Food pantry needs donations

B y Derek Liebig

 

An increase in the demand for non-perishable food items and a decrease in donations have left the shelves of the Whitehall Ecumenical Food Pantry as bare as Old Mother Hubbard’s cupboard.

Mark Koeble, executive director of the food pantry, has seen lean times during his eight years running the food pantry, particularly last summer, but said the shelves are as about barren as he can recall.

“This is probably the lowest it’s been. It’s never been that low on that side,” pointing to the west wall of the pantry where an entire set of shelves sat completely devoid of food.

“I know times are tough and people don’t have extra to give, but we’re really starting to feel the pinch.”

Housed within two small closets in the basement of the Whitehall United Methodist Church on Greenmount Cemetery Lane, the Food Pantry serves residents from Whitehall, Clemons, Dresden, Comstock, and Hampton.

On average, anywhere from 30 to 45 families depend on the food pantry every month to help supplement their nutritional needs, but that number has crept up to nearly 60 in the last few months, while donations have remained stagnant, if not outright declined.

“People are desperate for help. There’s been more people moving into the area looking for cheaper rent and that’s increased the number of people who are counting on the pantry for help,” Koeble said.

The increase in demand has greatly depleted reserves. Other than a few dozen cans of corn and a healthy stash of peanut butter, the spare closet that serves as a storage space for extra food was empty Wednesday morning. And the situation was worse the following day after the weekly allotment of food was handed out to those in need.  

“If we stay busy I could run out of money to buy things,” Koeble said. “Funding is very low.”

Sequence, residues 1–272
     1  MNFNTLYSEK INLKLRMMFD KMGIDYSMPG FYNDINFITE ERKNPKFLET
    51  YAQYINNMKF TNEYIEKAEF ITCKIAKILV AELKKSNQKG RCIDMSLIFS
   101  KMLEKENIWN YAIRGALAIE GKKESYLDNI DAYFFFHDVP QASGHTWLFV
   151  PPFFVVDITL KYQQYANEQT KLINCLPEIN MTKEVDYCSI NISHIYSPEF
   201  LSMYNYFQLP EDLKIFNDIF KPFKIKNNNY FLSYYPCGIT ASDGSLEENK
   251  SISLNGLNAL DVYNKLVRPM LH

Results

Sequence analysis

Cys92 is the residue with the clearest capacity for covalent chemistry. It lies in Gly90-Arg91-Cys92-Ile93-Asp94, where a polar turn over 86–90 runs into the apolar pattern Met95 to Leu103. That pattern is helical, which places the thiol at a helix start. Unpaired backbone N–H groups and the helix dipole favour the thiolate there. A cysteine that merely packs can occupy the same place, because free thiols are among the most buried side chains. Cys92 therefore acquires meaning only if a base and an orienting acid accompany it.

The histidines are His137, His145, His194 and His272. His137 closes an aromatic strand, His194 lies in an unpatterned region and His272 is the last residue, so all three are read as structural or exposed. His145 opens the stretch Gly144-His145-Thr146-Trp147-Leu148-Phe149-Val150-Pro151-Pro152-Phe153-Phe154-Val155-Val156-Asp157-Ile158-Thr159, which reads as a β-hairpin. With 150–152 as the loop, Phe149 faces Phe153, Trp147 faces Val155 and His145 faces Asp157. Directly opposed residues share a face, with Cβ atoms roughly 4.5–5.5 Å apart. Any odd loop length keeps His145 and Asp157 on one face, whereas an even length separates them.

He said he may be forced to eliminate the purchase of some products, like hamburger, and has already been forced to cut back on the quantity of food he gives each family.

“We’ve been trying to stretch our supplies as far as they can go. If worst comes to worst they’ll have to get whatever I’m heavy on.”

The problem hasn‘t been isolated to the Whitehall pantry alone.

Koeble said other food pantries in the area have been hurting as well, illustrating the effects of a depressed economy and still high unemployment rate.

“I’ve spoke with the woman from Saratoga and they are hurting for donations too.”

Koeble said he receives milk, eggs and vegetables from a handful of local businesses and residents but what he really needs is money to purchase more food and canned products.

He said he’s tried different fundraisers in the past, with mixed results. The best source of food still comes from everyday donations, when he can get them.

“We’ll take any non-perishable item. We’re always looking for cereal and canned vegetables and I’ll even take margarine, paper towels and laundry detergent.”

The pantry is open every Wednesday from 11 a.m. to 1 p.m. and donations can be dropped during that time or folks can call the pantry at 499-2039 to arrange a time to drop items off.

“People really appreciate what I give them, when I have it.”

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